SAN FRANCISCO – Microsoft shareholders gave a lukewarm vote of approval Wednesday for CEO Satya Nadella’s $84 million pay package, after an investor advisory group said the company was paying him too much.
Nadella’s pay package puts him among the highest paid CEOs in the country for last year, although his pay as a first-year CEO falls short of the $378 million that Apple awarded to Tim Cook when he became CEO in 2011. Oracle CEO Larry Ellison was awarded stock options and other pay valued at $67.3 million last year. Former Microsoft CEO Steve Ballmer was paid only $1.3 million in 2013, but he held shares worth nearly $16 billion.
An advisory vote on Microsoft’s executive pay program won approval from more than 72 per cent of shareholder votes cast, the company said after its annual shareholder meeting on Wednesday. ISS, which reviews proxy measures for many large companies and criticized Nadella’s pay, has said a vote below 70 per cent is an indication that a company should review its policies. The vote fell short of the average support level of 91.5 per cent for executive pay measures at other companies tracked by ISS affiliate, ISS ExecComp Analytics.
By comparison, more than 92 per cent of votes supported the company’s slate of directors, who ran without opposition.
That doesn’t mean investors are overly concerned, according to Wall Street analysts, who say Nadella is generally viewed as moving Microsoft in the right direction.
“He probably would have taken the job for less, so from that regard they are certainly not exhibiting frugality,” at a time when Nadella is overseeing a reorganization that includes cutting 18,000 jobs, said Colin Gillis of BGC Financial. But he also pointed to the 30 per cent increase in Microsoft’s stock price this year and said, “I think that’s the primary metric most people care about. If you think about the billions in value that’s been created, this is a tiny fraction of that.”
Most of the meeting was devoted to a recap of Microsoft’s business strategy and a discussion about diversity. Executives heard a presentation from civil rights leader Jesse Jackson, who has been urging the tech industry to hire and promote more women and minorities. Nadella repeated an earlier pledge to make that a priority at Microsoft. While the Redmond, Washington company has previously disclosed some workforce statistics, Nadella also promised to release more detailed figures this month from a report that employers must file annually with the federal government.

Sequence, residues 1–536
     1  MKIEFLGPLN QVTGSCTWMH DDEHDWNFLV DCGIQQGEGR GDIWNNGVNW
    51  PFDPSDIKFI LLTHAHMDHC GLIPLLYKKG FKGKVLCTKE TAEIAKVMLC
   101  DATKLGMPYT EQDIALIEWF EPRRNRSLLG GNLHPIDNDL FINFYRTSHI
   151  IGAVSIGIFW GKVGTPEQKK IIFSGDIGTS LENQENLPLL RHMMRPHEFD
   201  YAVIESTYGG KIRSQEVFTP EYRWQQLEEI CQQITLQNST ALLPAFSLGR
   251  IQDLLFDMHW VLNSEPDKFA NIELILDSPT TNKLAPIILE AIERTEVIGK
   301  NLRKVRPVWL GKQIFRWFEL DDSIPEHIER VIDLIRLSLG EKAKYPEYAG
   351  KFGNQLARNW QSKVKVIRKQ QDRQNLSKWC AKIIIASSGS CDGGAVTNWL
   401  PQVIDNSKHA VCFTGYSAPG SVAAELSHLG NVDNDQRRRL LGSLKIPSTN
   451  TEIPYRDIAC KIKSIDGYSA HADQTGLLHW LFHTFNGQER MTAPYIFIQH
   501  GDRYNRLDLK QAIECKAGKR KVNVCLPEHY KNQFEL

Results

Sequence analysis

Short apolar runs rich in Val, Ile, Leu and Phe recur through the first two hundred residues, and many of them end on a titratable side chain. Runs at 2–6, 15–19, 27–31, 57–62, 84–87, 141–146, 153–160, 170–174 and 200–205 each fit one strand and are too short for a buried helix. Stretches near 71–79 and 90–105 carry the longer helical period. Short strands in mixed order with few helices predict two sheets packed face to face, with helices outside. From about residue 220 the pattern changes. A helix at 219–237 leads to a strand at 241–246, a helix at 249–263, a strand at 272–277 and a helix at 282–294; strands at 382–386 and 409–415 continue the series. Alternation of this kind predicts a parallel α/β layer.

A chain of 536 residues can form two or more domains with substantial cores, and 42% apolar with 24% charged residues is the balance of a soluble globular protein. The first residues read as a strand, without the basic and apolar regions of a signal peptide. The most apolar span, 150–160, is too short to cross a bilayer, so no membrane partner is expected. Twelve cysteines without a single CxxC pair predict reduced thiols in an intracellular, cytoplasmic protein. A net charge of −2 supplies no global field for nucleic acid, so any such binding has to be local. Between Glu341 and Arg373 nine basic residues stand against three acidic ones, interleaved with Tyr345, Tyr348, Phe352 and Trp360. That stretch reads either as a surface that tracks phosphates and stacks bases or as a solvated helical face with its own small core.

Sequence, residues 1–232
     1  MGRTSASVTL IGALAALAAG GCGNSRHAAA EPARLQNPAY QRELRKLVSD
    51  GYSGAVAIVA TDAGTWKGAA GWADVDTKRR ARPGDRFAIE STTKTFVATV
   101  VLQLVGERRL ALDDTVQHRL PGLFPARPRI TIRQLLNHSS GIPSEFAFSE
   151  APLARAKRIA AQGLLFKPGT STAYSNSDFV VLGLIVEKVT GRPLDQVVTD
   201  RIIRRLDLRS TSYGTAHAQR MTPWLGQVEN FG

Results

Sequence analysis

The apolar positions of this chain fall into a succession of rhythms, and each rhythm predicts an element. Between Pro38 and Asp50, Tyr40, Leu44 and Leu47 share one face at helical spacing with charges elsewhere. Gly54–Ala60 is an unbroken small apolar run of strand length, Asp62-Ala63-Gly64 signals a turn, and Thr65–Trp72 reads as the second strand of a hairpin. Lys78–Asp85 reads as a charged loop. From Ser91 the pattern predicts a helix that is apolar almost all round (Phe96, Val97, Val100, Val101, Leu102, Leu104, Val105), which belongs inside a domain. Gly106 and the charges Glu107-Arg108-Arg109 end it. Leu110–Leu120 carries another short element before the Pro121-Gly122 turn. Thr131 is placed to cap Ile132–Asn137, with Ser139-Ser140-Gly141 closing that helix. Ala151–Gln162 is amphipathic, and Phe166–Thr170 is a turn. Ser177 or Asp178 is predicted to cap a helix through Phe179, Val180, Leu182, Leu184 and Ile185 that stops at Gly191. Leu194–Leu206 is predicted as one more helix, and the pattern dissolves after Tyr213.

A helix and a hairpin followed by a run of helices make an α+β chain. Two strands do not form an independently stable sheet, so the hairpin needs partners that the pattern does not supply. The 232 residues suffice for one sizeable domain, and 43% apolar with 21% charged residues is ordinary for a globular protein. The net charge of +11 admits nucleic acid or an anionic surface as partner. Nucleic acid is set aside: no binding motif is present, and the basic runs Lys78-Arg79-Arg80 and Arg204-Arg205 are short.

Nadella’s pay largely consists of stock grants that won’t vest before 2019, and Microsoft has said they are an incentive for future performance, since his stock will increase in value if the company does well. Nadella was paid a base salary of $918,917 and a $3.6 million bonus, along with stock grants valued at $79.8 million.
That includes a one-time stock grant valued at $59 million when he was promoted to CEO, and an earlier grant valued at $7 million for his performance as executive vice-president before he became CEO. It also includes stock valued at $13.5 million that he was granted when Microsoft gave top executives “retention” awards to keep them from jumping ship while the company searched for a successor to Ballmer. Under securities rules, companies must report an estimated value for stock at the time of a grant, even if it can’t be exercised right away.
In a report last month, ISS questioned the company’s decision to give what it called a “mega grant” of stock up front, since Microsoft also planned to award Nadella a subsequent annual grant valued at $13 million in the next fiscal year. ISS also said the company should adopt stricter performance standards for executive compensation.
Microsoft Chairman John Thompson said the company wanted to “attract and motivate a world-class CEO.” Thompson said the package is tied to performance and “motivates our CEO to create sustainable long-term shareholder value by providing him with the opportunity to share in those gains and build ownership of the company over the next seven years.”
Microsoft shares dipped 38 cents to close at $48.08 Wednesday.